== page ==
Before Connected even begin work we need to get a good understanding of how your business operates now. We adopted a simple 4 step process. We like it simple, folks can understand it whilst it shies away from technical / marketing / operational phraseology.
As customers are the lifeblood of all organisations, how we recruit, close, retain and re-activate them is almost the sole measure of business success. Mostly.
This is a journey that every customer travels along with varying levels of interest/desire interspersed with events (we call them touches) that pull the customer closer or push them away from the organisation.
Understanding this journey gives great insight. Easy wins can be implemented by optimising, removing bad practice and replacing it with high quality stuff.
Simple idea but we need to start somewhere, this is our framework … and yes, we resisted the temptation to call it PROD!
All sales & marketing processes leak value, this is termed the conversion rate and to understand where we are starting from we need these benchmarks.
- Marketing spend and return, split by channel (i.e. PPC, natural, banner, PR, TV, radio, social etc)
- Current touch plan; what happens where and when and by who
- The losses at each touch point, what percentage of customers are leaving the funnel
- The cost of driving customers along the funnel, both in terms of major cost moments and a more general per time-unit
Finally, it’s ideal if we can see this data changing over a period of time to predict trends. Businesses do vary but the same broad starting point is required in every case. Typically, this sensitive information would require an NDA and some digging around to get accurate information.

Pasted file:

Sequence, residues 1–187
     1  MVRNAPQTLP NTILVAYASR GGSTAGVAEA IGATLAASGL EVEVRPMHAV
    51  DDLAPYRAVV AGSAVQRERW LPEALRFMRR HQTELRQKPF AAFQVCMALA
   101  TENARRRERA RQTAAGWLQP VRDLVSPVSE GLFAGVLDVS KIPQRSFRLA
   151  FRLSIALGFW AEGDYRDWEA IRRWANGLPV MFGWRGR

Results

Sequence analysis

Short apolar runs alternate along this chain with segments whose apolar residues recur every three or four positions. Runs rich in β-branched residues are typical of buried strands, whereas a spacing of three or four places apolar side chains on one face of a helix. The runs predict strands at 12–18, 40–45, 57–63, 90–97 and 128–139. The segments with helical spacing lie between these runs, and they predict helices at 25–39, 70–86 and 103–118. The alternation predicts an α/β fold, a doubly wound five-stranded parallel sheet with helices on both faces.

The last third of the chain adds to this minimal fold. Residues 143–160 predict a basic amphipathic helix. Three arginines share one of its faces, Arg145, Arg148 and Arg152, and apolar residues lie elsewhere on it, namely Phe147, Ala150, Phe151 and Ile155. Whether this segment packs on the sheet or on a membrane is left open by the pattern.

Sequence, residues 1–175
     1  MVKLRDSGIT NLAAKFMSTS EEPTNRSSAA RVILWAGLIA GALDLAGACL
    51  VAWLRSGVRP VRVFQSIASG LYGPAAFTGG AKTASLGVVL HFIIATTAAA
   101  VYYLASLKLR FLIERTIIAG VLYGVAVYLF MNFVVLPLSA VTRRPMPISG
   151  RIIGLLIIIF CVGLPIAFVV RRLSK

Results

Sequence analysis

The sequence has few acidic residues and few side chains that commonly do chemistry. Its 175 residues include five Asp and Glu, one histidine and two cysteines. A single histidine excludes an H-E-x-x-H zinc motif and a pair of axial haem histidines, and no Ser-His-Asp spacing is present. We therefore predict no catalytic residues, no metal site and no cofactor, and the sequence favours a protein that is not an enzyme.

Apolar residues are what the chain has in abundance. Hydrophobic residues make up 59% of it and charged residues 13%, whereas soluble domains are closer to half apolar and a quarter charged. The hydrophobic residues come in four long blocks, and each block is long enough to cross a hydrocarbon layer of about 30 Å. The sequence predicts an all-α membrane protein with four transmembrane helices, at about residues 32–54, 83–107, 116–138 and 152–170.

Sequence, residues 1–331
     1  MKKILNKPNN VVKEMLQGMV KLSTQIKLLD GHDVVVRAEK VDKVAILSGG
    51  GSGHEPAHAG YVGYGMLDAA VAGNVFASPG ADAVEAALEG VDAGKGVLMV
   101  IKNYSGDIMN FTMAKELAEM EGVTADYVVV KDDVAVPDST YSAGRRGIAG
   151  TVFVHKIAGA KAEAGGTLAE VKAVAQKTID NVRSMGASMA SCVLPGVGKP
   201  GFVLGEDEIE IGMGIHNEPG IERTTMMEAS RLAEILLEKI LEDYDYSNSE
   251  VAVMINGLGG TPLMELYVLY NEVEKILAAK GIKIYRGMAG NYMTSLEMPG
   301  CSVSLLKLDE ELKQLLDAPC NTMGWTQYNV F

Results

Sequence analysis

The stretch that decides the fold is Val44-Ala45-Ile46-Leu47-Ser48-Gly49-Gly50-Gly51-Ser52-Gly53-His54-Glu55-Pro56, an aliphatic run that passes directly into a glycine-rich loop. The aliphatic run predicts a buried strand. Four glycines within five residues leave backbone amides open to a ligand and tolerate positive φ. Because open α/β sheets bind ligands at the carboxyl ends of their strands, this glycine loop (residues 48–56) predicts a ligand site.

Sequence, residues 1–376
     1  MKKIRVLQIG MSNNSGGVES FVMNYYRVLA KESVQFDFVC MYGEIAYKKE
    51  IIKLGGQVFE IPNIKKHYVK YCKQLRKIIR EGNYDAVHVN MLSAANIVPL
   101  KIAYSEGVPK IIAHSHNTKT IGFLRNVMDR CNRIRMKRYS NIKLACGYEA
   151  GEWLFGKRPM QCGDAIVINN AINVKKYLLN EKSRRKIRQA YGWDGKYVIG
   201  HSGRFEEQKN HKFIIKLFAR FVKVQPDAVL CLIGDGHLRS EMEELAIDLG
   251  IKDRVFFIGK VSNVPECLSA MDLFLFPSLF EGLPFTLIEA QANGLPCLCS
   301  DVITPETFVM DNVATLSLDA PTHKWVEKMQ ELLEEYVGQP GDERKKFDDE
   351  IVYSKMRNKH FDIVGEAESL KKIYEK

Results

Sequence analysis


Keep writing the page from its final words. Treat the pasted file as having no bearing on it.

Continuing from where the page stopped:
Broken is two sections; Connected will analyse the current performance and by comparing this against industry figures the weaker areas can be isolated and dismantled for further inspection. The second half of of this stage involves an in-depth look at the marketplace, competitors and customer groups alike.
The output of this is a prioritised list of problem areas, highlighting in some depth what the issue are and why they exist. This is not the time for off-the-shelf solutions; this is time to step back from the problem areas and in a workshop environment hack through various options and ideas on how to deal with the problem. You’ll be surprised by the number of numbers that can simply be side-stepped by applying innovation.
Building of a key document covering all the major issues with outline solutions. The purpose it to get stakeholder understanding and buy-in for a solution. This intermediate stage give the process massive agility as making changes is embraced and not to be feared. This cycle may contain a prototype phase, whereby elements are evaluated in a real environment and tested for efficacy.
Theoretically, you could stay at this stage for the life of the project – spawning working prototype that slide into production using a Kaizen methodology of continuous improvement. This would maintain agility but also can suffer from big-picture blindness when focus become too intense on just a handful of areas.
For organisations employing a waterfall delivery methodology the final stage is a full scope for the chosen areas, usually with an outline delivery plan. This is used then as the basis of parcelling work up, recruiting suppliers and briefing project teams. At this point the original stakeholders will take a step back, handing over operational delivery to the designated project manager.
The agile organisation has more choice. The project teams need empowerment as chunks of output are delivered in quick succesion based on a time-clock rather than a feature list. Stakeholders must also stay close by, ensuring what is delivered meets the core aims of the business.
Rinse and repeat
Working down and re-working the list keeps the organisation ahead of the game, lean and quick to identify new issues. Unlike the Forth Road Bridge, work here is never done. Good practice says we start the process again, from the top, usually with fresh eyes.
Since the early days of the Internet we’ve crafted innovative and winning strategies whilst adhering to a Keep It Simple mantra. Keeping it simple cuts through the marketing bulls**t, keeps the cost manageable and builds consensus.
Customers range from startups to 1/2bn enterprises. The price? From around £3k gets you through the first 3 steps, subsequent steps and iteration depend on resourcing, project management and delivery.